While infant mortality rates in the United States have continued to drop due to the efforts around promoting safe sleep practices and SIDS awareness, the number of stillbirths has remained steady. About 1 in every 160 pregnancies ends in the baby being born still. That is roughly 26,000 nationwide.
In Ohio, the number of stillborn babies has increased over the past handful of years. In 2016, 904 babies were lost in the state – 0.65% of total Ohio births that year. While it may seem a small number, it means that Ohio represents about 4% of the nation's total stillbirth in a given year.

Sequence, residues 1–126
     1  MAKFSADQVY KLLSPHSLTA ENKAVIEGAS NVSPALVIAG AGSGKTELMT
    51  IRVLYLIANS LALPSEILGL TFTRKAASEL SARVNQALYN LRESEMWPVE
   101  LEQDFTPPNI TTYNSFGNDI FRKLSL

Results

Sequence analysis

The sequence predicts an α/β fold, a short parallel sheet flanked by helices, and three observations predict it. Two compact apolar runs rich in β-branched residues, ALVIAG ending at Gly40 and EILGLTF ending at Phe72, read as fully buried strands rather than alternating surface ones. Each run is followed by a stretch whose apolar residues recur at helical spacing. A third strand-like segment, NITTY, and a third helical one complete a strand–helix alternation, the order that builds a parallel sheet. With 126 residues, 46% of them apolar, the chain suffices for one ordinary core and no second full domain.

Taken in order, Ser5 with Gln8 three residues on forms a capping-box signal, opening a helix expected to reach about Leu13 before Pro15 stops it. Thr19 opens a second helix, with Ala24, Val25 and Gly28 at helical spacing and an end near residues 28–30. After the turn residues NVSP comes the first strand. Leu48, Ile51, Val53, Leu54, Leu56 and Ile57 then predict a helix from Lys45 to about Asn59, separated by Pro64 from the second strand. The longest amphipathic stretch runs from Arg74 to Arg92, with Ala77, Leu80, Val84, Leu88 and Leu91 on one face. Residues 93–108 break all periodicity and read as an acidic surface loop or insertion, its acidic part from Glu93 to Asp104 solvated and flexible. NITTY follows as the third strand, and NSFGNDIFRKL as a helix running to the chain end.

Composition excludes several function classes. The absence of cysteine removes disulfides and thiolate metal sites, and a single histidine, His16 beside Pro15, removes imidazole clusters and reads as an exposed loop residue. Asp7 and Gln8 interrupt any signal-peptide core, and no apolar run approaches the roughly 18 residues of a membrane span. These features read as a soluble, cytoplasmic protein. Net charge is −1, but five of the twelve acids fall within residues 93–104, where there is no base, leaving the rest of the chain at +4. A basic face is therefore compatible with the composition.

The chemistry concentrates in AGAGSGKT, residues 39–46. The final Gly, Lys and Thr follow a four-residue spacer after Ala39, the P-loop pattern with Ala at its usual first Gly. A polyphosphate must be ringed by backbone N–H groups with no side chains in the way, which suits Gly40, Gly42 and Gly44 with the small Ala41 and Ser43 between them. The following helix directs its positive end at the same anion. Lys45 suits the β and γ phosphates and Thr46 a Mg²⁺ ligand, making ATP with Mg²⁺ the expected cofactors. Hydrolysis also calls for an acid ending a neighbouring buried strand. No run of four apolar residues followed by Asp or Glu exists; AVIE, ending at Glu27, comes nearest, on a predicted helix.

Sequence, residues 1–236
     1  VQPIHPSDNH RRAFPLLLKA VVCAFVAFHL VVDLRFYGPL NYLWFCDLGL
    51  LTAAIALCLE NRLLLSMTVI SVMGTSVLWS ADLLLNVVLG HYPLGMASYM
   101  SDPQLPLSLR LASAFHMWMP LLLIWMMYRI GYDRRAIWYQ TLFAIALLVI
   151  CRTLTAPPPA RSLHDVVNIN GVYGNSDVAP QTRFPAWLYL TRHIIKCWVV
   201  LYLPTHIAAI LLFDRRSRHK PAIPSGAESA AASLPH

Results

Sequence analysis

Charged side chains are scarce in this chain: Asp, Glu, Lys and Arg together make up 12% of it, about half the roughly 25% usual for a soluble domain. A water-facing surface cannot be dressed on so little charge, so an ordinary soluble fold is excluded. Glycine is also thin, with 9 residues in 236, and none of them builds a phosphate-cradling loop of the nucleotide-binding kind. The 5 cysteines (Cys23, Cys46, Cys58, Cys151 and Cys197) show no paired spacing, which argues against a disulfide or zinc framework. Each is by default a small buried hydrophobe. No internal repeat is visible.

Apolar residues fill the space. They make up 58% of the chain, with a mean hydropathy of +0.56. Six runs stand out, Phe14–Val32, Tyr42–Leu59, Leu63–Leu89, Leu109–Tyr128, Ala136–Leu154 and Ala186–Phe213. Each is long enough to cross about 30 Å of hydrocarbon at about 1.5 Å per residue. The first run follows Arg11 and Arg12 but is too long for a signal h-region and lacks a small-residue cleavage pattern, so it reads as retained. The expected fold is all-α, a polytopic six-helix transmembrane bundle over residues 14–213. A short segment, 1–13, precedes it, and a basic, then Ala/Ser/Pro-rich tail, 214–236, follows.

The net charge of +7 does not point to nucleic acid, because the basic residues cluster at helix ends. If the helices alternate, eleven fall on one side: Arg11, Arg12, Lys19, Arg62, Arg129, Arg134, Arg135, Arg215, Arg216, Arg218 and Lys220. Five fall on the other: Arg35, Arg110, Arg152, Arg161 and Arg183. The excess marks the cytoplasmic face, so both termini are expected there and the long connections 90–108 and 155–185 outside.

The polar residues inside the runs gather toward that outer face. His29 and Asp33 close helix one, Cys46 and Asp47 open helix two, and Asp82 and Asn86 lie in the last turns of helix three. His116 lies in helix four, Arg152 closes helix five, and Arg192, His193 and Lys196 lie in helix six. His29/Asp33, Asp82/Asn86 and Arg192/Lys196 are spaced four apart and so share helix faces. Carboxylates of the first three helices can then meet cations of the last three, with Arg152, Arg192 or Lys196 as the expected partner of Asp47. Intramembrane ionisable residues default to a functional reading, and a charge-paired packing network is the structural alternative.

Ohio is ranked #33 out of the 50 US States. You can see the 2017 Ohio Stillbirth Scorecard here from Star Legacy Foundation. The entire US Stillbirth Scorecard is here for reference.
Of all the reasons that a baby can pass away while in utero, the most common is from an unspecified cause, followed closely by complications related to the placenta, cord, or membranes. These are the top two causes starting at 22 weeks gestation.
Because so many of these deaths are unpredictable, there is little to be done to prevent it. Stillbirth crosses all lines and occurs in families of all races/ethnicities, religions, ages, and socio-economic statuses. The risk factors are few, leaving no one immune.